Pretty much since I started writing this blog I have talked about how, in my experience, commercial arbitration is not a panacea and often is not a better forum than litigation for resolving disputes. My main point has always been that it depends on the particular dispute and on the details of a party’s position, including the strengths and weaknesses of that party’s case. Since beginning my run of comments on that theme, there has been no shortage of pieces in major media outlets basically saying the same thing, some of which I have linked to on occasion here on this blog.
I particularly like this latest one on the subject, however, by Jo Ann Shotwell Kaplan, the general counsel of the New England Legal Foundation, and thought I would pass it along. The article reports on a seminar the foundation hosted on the subject of commercial arbitration as a forum for deciding business disputes. One of the things that makes it worthwhile reading on a subject that has otherwise been well plowed elsewhere is the strength of the panel discussing the issue, and the article’s ability to capture some of the more subtle considerations in determining whether arbitration, or instead the courtroom, is the way to proceed. As an example, I particularly appreciated the point raised by one of the panelists, counsel to a major consumer products company, that arbitration is best used in the context of recurring disputes between the same players because in those instances the parties are motivated to make the best use of the system, but that arbitration is simply a failure when applied to one and done disputes that are subject to arbitration only because of a pre-dispute mandatory arbitration clause.
The second thing I liked about the article was a point it made which I simply have not seen made anywhere else, which in this world of media saturation is a rare occurrence. The article discusses the views of one arbitration expert that commercial arbitration, whatever its merits may be when resolving other types of disputes, is actually preferable to litigation with regard to international disputes, for two reasons. The first is that using arbitration puts the parties on the same playing field, removing from the equation the differences between the different legal systems applicable in the different countries where the businesses involved in the dispute are domiciled. The second, and almost stunning reason, is that commercial arbitration rulings out of this country are often more respected in other countries’ court systems than are court verdicts. The panelist, a Boston University Law School professor:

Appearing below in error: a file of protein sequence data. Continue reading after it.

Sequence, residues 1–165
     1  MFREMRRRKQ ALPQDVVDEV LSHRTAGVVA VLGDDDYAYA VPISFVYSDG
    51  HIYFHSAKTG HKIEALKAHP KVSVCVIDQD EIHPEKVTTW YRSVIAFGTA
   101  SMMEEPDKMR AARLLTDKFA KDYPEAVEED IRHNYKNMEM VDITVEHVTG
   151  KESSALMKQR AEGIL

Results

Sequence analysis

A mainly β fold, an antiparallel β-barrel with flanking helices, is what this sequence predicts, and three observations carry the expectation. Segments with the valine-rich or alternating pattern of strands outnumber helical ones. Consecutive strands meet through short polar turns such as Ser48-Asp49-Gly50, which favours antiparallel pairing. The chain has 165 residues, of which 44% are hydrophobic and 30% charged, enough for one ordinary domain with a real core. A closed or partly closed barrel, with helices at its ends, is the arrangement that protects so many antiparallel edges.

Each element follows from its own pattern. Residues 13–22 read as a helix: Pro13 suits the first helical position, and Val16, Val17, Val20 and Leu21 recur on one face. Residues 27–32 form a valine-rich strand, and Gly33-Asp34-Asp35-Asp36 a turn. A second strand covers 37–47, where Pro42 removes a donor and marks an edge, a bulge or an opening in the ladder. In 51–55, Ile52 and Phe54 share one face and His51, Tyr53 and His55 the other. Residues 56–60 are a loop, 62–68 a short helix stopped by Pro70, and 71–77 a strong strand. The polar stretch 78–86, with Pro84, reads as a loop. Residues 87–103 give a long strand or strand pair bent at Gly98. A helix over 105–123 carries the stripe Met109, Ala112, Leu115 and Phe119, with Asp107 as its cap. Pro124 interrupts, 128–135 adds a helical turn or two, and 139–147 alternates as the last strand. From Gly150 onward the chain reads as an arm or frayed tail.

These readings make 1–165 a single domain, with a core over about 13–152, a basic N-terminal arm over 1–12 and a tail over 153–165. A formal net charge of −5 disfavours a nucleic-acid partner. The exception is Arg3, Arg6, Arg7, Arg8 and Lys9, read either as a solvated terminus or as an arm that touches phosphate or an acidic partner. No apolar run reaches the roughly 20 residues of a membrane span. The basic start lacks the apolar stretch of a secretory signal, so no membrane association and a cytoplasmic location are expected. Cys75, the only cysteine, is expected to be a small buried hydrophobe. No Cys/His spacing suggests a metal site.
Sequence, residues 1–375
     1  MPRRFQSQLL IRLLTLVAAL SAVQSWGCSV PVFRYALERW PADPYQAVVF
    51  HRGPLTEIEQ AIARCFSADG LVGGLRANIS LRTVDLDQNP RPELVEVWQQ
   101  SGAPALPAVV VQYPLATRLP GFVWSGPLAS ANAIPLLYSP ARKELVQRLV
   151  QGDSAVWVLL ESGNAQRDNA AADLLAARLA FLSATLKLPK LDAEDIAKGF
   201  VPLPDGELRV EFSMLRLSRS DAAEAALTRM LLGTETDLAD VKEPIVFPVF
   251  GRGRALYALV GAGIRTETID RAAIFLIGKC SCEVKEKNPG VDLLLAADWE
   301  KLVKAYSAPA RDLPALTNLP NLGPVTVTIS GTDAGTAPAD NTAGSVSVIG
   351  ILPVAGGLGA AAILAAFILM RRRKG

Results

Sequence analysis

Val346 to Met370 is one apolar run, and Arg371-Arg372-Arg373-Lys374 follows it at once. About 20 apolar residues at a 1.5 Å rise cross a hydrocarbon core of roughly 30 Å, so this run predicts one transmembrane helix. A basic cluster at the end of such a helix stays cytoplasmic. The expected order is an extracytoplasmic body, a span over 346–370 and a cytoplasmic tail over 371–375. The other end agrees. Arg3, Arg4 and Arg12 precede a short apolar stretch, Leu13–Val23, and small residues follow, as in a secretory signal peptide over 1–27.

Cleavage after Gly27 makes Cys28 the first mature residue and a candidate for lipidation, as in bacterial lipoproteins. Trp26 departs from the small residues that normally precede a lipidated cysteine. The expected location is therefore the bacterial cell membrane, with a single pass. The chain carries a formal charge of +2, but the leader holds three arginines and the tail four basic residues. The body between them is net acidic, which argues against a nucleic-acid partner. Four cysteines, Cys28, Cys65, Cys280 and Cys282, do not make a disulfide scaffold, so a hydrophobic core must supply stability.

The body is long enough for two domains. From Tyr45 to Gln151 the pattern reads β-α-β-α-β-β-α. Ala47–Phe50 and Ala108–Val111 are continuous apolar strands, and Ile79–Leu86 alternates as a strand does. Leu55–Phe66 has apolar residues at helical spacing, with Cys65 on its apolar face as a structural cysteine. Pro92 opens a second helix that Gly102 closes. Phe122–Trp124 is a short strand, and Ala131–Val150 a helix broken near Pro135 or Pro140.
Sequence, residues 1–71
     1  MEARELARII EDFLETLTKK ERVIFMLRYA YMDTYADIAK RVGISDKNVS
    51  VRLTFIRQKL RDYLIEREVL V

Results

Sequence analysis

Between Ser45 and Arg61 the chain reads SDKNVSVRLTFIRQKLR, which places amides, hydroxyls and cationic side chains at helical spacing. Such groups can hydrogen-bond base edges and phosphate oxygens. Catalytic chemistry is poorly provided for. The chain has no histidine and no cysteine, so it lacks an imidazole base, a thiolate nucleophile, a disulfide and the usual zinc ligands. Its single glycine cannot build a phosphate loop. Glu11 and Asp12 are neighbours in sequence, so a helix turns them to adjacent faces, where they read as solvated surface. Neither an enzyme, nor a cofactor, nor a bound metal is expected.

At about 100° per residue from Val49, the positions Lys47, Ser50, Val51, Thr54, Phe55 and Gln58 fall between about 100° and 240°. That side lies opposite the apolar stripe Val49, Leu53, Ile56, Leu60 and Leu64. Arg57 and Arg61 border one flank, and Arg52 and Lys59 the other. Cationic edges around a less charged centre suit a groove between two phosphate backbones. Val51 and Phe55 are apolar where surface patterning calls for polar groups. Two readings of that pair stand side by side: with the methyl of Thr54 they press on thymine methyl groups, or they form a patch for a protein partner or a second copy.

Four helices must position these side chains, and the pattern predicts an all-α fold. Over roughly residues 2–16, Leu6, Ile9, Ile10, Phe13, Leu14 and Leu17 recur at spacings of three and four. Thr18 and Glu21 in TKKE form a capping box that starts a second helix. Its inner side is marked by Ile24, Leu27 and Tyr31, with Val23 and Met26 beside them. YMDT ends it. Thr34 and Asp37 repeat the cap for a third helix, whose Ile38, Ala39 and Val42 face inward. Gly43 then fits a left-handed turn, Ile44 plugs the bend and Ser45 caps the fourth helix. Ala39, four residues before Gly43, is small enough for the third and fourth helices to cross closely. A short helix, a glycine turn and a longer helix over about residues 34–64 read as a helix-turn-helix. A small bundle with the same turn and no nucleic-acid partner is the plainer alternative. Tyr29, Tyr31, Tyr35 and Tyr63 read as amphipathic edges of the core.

explained that a U.S. arbitration award has more international currency than a decision of the U.S. Supreme Court. Apparently other countries don’t think too much of our system of jury trials in civil cases and runaway punitive damage awards. They have agreed to enforce our arbitration awards, but not our court judgments.